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Subject: Evropska databaze osirelych del zpristupnena verejnosti (zejmena odborne)
From:Matušík Zdeněk <[log in to unmask]>
Reply-To:Matušík Zdeněk <[log in to unmask]>
Date:Mon, 27 Oct 2014 20:38:12 +0000
Content-Type:text/plain

Vazene kolegyne - Vazeni kolegove,

dnesniho dne (27. 10. 2014) byla zprovoznena uzivatelske verejnosti evropska databaze osirelych del:
https://oami.europa.eu/ohimportal/en/web/observatory/orphan-works-database 

Vice si prectete v tiskove zprave nize, kdo nehovi anglictine, treba uvita francouzstinu, nemcinu, spanelstinu ci italstinu z uvodni stranky databaze (jine jazyky se zatim nenabizeji). 

S pranim hezkeho dne a omluvou za pripadne opakovani informace,
Z. Matusik



News Release
Alicante, 27 October 2014

Towards a new life for Creative Works 

A new database for "orphan works" has been launched today by the Office for Harmonization in the Internal Market (OHIM).
Orphan works are all those works such as books, films, newspaper articles and other creative material that are protected by copyright, but whose owner cannot be found. 
There are millions of orphan works in libraries, museums, public broadcasters' archives and other public institutions in the EU - The British Library, for example, which holds over 150 million items, estimates that up to 40% of creative works in its collections could be orphan works."
But without permission from the author or his heirs, nobody can digitise or disseminate these works. Such prohibition also applies to cultural institutions, which are holding back wider public access to a considerable part of our cultural heritage.
The EU Directive on Orphan Works  which entered into force at the end of 2012, is designed to solve this problem by setting out common rules for the digitisation and online display of orphan works which had been first published in the EU. Under the Directive, such works which have been identified as orphan after a diligent search on their authorship may be used by public institutions. All orphan works must be included in an EU-wide data base the creation of which was entrusted to OHIM. OHIM has now finished building the Orphan Works Database, a single publicly- accessible online platform.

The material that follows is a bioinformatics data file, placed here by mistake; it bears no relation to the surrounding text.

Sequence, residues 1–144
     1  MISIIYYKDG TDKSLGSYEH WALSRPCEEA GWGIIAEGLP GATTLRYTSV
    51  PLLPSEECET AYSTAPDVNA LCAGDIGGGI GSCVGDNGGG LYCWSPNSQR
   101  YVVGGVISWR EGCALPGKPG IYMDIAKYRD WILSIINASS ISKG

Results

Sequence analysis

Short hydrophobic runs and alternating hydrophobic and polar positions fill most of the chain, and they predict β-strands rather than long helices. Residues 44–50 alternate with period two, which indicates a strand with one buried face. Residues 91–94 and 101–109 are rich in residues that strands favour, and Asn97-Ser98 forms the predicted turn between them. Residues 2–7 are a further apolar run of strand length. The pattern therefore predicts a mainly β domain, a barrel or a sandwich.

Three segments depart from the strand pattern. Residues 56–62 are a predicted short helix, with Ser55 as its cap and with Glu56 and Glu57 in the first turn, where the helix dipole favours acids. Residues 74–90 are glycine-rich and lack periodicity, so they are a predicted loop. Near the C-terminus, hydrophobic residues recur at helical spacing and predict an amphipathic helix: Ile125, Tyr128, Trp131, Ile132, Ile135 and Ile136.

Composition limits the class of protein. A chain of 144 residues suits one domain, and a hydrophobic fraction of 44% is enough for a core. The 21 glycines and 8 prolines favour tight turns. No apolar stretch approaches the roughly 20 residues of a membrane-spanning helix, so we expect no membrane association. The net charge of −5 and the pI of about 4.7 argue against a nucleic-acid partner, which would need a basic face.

It aims to collect information about orphan works which are part of the collections currently held at national level by public libraries, museums, archives, film and audio heritage institutions and  public service broadcasting organisations all over Europe. 

These cultural bodies that hold works must first conduct a diligent search on the authors of the works and if such search is fruitless they must record the information about the work in the database.  

Once identified as orphan in one country, these works are recognised as orphan across the European Union. This means that any cultural organisation having these works in its archives may digitise them and make them available across the EU. Such rules are an exception to copyright, and authors who recognise one of their works in the data base may of course request a change of status and to get back their full rights on the work in question.